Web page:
At the moment, I see a compelling case for dismissal as a threshold legal question for the court. However, the degree to which the court views this matter as turning on the factual allegations as opposed to the legal questions, it could be held over for trial. That is the problem with such ambiguously written provisions is that the court may feel more constrained in dismissing the counts. The result for Perry can be damaging even if he is acquitted as was former U.S. Senator Kay Bailey Hutchison two decades ago. Hutchinson was charged with using state employees to plan her Christmas vacation in Colorado and write thank-you notes. The case was so weak that it took only 30 minutes for the jury to find her not guilty on all charges. The political danger is the exposure of private communications. Few of us are as crude as Blagojevich or his wife even in private but none of us is likely to look good if our unguarded comments were played out for a national audience. Once again, only time will tell what type of evidence was heard by the grand jury. Yet, my view is that this indictment is very problematic from a constitutional standpoint and offers little to support such a major prosecution.

Here is the column:

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Rho-Chalmers-TDPC-SelfieThere is an interesting story out of Texas in the Perry controversy that raises the difference between grand juries and petit juries. One of the grand jurors, Rho Chalmers, who indicted Governor Rick Perry turned out to be a delegate to the Texas Democratic Party convention who not only actively participated in the convention during her service but actually took a picture with a Democratic state representative who appeared as a witness before her jury.

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250px-flag_of_iransvgWhen following the news from Iran, it is often hard to tell the difference between a news story and a really good joke. The latest story on the Islamically correct lifestyle, according to the Iranian government, involves a study that found that young Iranians were having sex, even homosexual sex, in rising numbers. The 82-page report, issued by Iran’s parliamentary research branch, is alarmed at the findings and recommends that the government push for the use of “temporary” marriages that may last no longer then the tryst itself. It is something akin to a Vegas marriage for good Muslims. Marry, have sex, and then divorce. You are happy. The Mullah is happy. Everyone is happy.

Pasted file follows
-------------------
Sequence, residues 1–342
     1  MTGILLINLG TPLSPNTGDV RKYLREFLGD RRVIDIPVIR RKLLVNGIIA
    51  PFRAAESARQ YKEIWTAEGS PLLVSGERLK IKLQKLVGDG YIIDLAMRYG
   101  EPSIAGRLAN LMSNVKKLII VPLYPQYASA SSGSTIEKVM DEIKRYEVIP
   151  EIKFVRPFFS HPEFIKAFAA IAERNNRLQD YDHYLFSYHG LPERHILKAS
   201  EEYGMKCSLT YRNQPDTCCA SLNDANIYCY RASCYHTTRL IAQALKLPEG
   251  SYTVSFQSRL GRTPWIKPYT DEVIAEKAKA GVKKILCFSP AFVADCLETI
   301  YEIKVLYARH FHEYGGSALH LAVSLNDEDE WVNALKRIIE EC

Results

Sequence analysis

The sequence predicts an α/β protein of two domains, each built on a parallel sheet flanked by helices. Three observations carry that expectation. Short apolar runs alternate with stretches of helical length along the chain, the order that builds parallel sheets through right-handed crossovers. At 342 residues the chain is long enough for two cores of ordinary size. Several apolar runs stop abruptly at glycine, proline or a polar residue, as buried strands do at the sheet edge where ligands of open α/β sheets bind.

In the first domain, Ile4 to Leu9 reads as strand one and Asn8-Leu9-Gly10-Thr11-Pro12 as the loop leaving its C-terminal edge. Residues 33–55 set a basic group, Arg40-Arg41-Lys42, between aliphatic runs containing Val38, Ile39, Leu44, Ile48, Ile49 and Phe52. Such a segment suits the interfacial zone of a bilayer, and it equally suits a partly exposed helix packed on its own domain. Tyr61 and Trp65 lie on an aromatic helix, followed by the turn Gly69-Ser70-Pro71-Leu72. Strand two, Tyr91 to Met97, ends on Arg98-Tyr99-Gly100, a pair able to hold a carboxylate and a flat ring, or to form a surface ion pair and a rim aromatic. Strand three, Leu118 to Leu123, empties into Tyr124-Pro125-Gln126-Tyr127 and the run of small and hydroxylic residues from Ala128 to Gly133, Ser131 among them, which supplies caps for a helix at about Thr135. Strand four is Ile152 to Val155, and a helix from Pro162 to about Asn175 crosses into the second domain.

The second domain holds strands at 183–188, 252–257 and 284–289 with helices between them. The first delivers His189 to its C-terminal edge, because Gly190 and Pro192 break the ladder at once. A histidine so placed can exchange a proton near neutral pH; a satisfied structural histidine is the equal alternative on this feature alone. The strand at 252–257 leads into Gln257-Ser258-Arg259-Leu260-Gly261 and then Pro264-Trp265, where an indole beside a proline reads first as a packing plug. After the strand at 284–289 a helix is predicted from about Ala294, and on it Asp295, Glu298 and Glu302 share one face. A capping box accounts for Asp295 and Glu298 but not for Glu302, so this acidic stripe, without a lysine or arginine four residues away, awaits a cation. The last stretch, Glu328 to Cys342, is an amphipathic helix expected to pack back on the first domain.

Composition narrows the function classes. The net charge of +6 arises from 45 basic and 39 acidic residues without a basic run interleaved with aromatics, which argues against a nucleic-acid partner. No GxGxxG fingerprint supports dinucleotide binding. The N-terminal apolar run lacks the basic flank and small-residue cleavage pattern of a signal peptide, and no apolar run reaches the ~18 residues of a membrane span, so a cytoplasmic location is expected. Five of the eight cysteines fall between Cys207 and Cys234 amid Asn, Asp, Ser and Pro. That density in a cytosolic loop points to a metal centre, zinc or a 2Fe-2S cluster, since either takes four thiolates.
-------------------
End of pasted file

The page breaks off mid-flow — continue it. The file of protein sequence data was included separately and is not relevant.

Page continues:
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220px-Jay_Nixon_cropWhile like many I was shocked by the story of the shooting of an unarmed man, Michael Brown, by a police officer in Ferguson, Missouri, I have refrained from making public comments due to the conflicting accounts that have arisen in the case. As a criminal defense attorney, I have long resisted the tendency to rush to judgment, particularly in the midst of public unrest, in such cases. I saw that as a problem in the Trayvon Martin case. Those same concerns were raised this morning with the statement of Missouri Gov. Jay Nixon who publicly stated that “a vigorous prosecution must now be pursued.” Presumably, he is speaking of the arrest and prosecution of Officer Darren Wilson. However, the investigations into the case are continuing and, in my view, Nixon’s comments are wildly inappropriate at this stage.